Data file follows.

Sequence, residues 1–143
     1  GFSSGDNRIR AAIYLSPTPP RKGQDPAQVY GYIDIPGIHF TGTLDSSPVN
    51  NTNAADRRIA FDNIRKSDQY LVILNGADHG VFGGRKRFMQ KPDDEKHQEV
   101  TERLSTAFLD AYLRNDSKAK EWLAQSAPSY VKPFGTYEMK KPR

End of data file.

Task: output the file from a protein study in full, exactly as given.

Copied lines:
Sequence, residues 1–143
     1  GFSSGDNRIR AAIYLSPTPP RKGQDPAQVY GYIDIPGIHF TGTLDSSPVN
    51  NTNAADRRIA FDNIRKSDQY LVILNGADHG VFGGRKRFMQ KPDDEKHQEV
   101  TERLSTAFLD AYLRNDSKAK EWLAQSAPSY VKPFGTYEMK KPR